Gov. Mills E. Godwin stood before a room full of reporters Monday afternoon assessing the final General Assembly session of his eight years as governor when he suddenly made an amazing statement of regret.
"I wish more than anything else," he said in answer to a question, "that we might have been able to put to rest the annexation questions that have existed in the General Assembly for more than 30 years to my certain knowledge.
"They were with us when I came here in 1948 and before and they are with us today. Somehow, some way, at some time, this ought to be brought to a conclusion."
Godwin went on to say that he would have signed a complex bill sponsored by Del. Thomas J. Michie Jr. (D-Charlottesville) that would have allowed counties to purchase annexation immunity from adjoining cities by giving them financial aid.
The Michie bill, however, failed narrowly in the Senate and the governor as a result is reduced to the choice of signing or vetoing what he described as a "harsh" measure imposing a 10-year moratorium on annexation suits by cities throughout the state. Failure to sign the bill could touch off renewal of annexation wars between cities and counties.
The amazing aspect of Godwin's statement that he regrets failure of the Michie bill "more than anything else" in the session is that it was the first public statement anyone could remember that the governor made about the annexation issue this year.
Although Godwin ticked off a list of problems facing Virginia's 5 million people when he gave his opening address to the Assembly on Jan. 12, the speech was bare of any allusion to annexation of the natural competition between cities and counties for the affluent suburbs.
He was not an apparent factor in the long legislative battle over the issue and when the annexation bill came to the Senate two of his oldest allies, Sens. Edwards E. Willey (D-Richmond) and Frederick T. Gray (D-Chesterfield), played major roles in its 20-17 defeat.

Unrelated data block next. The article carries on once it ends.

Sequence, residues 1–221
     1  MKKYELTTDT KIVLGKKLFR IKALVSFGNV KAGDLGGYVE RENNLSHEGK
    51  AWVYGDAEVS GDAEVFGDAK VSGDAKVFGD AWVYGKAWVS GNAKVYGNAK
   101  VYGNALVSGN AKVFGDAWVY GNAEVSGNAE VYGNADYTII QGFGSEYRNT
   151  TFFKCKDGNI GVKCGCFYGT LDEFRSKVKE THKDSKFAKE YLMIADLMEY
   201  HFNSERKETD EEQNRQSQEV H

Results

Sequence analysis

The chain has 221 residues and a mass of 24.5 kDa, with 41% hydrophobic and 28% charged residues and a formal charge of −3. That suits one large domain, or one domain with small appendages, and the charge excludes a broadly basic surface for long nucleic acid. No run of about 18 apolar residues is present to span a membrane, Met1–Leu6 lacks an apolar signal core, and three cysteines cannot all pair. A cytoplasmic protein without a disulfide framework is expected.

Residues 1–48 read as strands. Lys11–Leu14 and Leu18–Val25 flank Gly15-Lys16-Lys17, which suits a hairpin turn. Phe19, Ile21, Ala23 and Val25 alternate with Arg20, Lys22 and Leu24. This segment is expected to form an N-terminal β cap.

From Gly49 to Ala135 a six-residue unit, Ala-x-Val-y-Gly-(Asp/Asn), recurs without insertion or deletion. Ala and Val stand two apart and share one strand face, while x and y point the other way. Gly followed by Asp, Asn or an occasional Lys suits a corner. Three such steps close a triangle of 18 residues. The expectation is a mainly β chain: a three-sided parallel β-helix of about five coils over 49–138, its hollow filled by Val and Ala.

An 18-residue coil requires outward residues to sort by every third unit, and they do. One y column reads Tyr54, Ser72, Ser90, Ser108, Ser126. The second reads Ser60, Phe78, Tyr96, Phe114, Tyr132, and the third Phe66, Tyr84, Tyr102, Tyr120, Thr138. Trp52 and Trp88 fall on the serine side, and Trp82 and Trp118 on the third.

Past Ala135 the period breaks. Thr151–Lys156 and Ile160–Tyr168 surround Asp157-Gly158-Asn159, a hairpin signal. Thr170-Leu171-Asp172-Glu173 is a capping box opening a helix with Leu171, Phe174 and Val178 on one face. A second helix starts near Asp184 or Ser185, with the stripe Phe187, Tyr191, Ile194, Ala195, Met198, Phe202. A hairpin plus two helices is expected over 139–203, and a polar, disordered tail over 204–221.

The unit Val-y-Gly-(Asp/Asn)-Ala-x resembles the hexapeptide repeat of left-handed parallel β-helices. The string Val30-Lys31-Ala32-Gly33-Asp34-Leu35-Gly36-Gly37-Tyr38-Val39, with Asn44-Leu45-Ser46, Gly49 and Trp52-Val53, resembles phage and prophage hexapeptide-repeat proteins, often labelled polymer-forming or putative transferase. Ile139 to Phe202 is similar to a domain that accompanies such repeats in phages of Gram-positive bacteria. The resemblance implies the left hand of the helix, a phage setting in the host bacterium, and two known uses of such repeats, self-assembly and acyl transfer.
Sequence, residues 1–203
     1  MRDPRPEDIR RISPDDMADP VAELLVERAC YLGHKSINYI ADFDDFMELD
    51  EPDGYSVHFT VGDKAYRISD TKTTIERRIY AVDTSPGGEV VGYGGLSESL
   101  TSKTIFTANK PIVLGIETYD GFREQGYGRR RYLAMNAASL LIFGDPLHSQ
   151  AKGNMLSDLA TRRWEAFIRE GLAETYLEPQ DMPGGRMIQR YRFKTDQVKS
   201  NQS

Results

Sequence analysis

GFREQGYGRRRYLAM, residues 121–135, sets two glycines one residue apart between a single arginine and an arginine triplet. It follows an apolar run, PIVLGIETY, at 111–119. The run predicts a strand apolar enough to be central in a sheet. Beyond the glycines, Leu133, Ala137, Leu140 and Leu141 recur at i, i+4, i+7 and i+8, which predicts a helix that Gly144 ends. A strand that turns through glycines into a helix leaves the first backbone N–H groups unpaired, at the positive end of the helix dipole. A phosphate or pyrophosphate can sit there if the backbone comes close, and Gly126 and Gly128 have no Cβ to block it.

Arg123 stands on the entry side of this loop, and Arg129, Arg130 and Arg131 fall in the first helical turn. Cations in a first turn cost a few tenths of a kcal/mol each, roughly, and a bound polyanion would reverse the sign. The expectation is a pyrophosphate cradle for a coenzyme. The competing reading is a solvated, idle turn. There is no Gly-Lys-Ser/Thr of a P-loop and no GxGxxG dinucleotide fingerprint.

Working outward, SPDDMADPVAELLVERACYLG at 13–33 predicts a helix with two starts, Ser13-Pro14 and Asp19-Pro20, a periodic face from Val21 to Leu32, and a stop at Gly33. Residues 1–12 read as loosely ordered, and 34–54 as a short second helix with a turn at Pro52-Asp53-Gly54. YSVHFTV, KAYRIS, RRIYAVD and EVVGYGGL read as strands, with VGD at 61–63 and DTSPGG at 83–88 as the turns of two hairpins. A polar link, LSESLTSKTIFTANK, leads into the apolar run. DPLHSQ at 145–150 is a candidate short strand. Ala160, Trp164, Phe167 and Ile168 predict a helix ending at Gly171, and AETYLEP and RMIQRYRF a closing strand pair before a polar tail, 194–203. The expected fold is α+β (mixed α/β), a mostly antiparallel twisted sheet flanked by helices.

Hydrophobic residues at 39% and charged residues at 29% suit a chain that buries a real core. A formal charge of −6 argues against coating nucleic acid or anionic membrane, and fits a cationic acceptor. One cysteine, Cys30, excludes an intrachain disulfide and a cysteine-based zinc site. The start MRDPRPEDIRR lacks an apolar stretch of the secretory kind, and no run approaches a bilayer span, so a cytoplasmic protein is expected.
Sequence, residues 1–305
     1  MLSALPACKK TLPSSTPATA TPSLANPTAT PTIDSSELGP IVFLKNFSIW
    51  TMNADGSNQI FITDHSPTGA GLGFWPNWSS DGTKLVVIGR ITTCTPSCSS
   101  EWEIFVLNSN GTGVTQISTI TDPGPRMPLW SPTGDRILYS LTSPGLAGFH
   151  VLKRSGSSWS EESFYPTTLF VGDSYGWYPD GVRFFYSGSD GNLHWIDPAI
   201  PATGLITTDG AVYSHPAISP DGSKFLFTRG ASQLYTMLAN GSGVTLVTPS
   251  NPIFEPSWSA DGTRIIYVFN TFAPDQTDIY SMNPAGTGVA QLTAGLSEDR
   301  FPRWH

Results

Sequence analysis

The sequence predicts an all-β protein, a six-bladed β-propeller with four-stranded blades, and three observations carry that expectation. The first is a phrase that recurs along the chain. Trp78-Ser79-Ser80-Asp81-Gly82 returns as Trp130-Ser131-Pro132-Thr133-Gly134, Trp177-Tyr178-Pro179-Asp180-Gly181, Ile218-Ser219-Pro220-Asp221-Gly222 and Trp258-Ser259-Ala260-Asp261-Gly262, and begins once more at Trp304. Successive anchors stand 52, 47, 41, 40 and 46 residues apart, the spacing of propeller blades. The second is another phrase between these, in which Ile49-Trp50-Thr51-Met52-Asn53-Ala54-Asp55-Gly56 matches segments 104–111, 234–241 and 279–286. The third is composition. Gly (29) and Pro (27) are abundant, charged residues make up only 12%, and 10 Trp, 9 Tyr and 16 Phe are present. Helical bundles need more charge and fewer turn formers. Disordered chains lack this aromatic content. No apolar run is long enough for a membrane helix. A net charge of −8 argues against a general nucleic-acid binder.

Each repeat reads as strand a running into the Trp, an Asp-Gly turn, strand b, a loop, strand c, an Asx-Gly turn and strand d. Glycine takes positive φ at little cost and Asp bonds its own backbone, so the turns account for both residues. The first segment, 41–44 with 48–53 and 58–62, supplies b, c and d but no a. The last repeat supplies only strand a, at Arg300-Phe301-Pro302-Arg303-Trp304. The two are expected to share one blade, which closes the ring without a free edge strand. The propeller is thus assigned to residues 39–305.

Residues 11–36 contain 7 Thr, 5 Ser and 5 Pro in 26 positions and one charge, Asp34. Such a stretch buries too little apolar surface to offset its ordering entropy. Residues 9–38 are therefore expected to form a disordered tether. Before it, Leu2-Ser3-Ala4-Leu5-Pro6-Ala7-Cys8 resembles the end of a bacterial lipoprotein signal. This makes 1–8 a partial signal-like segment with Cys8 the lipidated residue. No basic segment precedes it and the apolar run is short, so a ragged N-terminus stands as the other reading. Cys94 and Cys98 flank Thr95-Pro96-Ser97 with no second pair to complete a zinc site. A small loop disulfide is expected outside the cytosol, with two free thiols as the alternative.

Standing alone, the failure of Godwin to act to bring about an annexation solution he wanted might be dismissed as an atypical executive bobble or an unfortunate miscalculation of a few votes in the Senate.
In fact, it fit into a pattern of gubernatorial conduct that left many legislators with a sense of dissatisfaction with this session. It may also have contributed to the trend toward a full-time assembly or at least toward more elaborate legislative staffs to help the Assembly generate programs that have traditionally come from the executive.
In addition to his negligent treatment of the annexation issue, the governor failed to come up with revisions in the biennial budget that inspired any confidence among legislators.
They seized upon several revenue expedients pointed out by the administration to balance the budget without a tax increase, but there was an unusual number of votes against the final solution.
Most of the negative votes appeared to be stem from a lack of confidence in administration revenue projections. This lack of confidence in turn is contributing to the movement to enlarge House and Senate budget staffs to counter executive proposals.
There were still other areas in which the Assembly acted in a near vacuum of executive influence.
Major changes in dealing with juveniles in the care or custody of the state were the product of legislative commission. Del. Frank. M. Slayton (D-Halifax), a South Side Virginia conservative, pressed for passage of some of these measures out of sheer frustration with administrative inaction on juvenile care problems.
Even bills reorganizing parts of the executive branch came through on the strength of legislators' efforts while Godwin remained silently neutral.
The leaders of the reorganization movement turned to him once late in the session for help in dividing the department responsible for business affairs and natural resources. The governor said he was willing to send the needed bill to the Assembly, but found that any chance of passage had already been foreclosed by successful lobbying against it by his own secretary of commerce and resources.
Such muddling on the part of Mills Godwin is hard for students of his first term as governor, from 1966-70, to explain. During that term, he pushed through a sales tax and the first bond issue of modern times, launched a community college system and encouraged a general revision of the state constitution.
Godwin himself argues that the bold actions of his first term were made possible by an ebullient economy and eagerness for new programs that do not exist today.
Others think that Godwin's inaction in this term and in the last Assembly session has an explanation other than the economy.
Del. James M. Thomson (D-Alexandria) attributes the changes in Godwin to the fact that he intends never again to run for public office.
"I've worked with Mills Godwin on many programs when he was in the Assembly and during his first term as governor," Thomas said. "Always the driving force in him was ambition. Now the ambition is gone and there is nothing there to drive him anymore."
Whatever the reason for the Godwin withdrawal, it created a leadership void in the Assembly this year that the Assembly members themselves could not completely fill.